by Daniel Anderson
The “Nate the Great,” series by Marjorie Weinman Sharmat is a win for both father and son.
If you’ve ever met my 4-year -old, you know that he’s constantly on the move. Like
never not moving. Ever. And this is not a new trend. Ever since he was a baby, Finn
flat out refused to cuddle, snuggle, or even sit still for longer than 20 seconds.
Sacrament meeting with a 15-month-old Finn was all too similar to trying to battle a
Borg warrior from Star Trek. If you’re not as nerdy as I am, the Borg are a hive-mind
race that has the ability to adapt to weapons used against them. The Enterprise crew
could only beat two or three Borg with their phasers before the entire race would
adapt and their weapons were useless. It was the same situation keeping Finn
entertained at church–finger puppets bought you 30 seconds to a minute, then he’d
adapt. And the lift-the-flap book would be good for a minute maybe two, and then
he’d adapt. Cheerios flying, high-pitched screaming, etc. Our phasers were useless
So imagine my delight when Finn finally became old enough to be interested in and
entertained by books. Here he was, of his own volition, sitting perfectly still and
snug up against my side for however long it took to finish the book. It was nothing
short of miraculous. We are now big readers at the Anderson household.
One of the challenges, though, of reading to your kids (which is almost universally
agreed on to be important) is the complete lack of interest in a lot of the children’s
books out there. I mean, it’s not surprising that some are a little boring—they’re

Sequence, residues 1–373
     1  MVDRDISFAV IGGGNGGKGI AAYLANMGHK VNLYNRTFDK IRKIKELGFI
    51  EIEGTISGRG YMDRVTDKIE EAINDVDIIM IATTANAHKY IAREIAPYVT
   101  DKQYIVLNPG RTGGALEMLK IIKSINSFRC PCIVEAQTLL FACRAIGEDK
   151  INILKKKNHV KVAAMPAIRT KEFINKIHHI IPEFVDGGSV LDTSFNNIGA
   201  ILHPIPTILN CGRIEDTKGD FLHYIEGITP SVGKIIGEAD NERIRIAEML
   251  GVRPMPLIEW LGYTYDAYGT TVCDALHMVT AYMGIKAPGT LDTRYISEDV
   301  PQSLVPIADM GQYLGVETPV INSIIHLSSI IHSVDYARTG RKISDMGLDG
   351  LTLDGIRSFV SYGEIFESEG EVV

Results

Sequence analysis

made for kids, remember?
And this is why I love the Nate the Great series so much. Written by Marjorie
Weinman Sharmat, these books are the perfect combination of simplicity (so a 4-year-old can understand what’s happening), and sophistication (so the parent
reading them can stay interested and amused). And there are tons of them. A few in
the series are full-fledged chapter books, but almost all of the rest are short enough
to read in 15 or 20 minutes (of pure snuggle time!).
Each story follows the same basic pattern—Nate is interrupted from some activity
with his trusty dog/partner Sludge by one of a rotating cast of oddball friend
characters who have misplaced something. Nate takes the case and (as an aspiring
Sherlock Holmes) uses deductive logic to crack the case and return the missing item.
They have that terrific quality common to all good mysteries where, for example,
upon learning where Rosamund (the cat-loving weirdo) misplaced her tuna can, you
immediately slap your forehead and go “oh of COURSE—how did I miss that??”
In each story, typically the case is cracked wide open after a stumped Nate the Great
mulls over the evidence with a stack of pancakes (his favorite) and sees his dog
Sludge do something completely ordinary. As an added bonus, each book has a
section in the back full of activities and information related to the case—e.g. in a
mystery about where a stray turtle came from, Sharmat loaded an appendix full of
information on turtles, activities like building a turtle shell out of cardboard, and a
pancake recipe. Does it get any better than that?
In the immortal words of Brian Regan, I submit that it does not.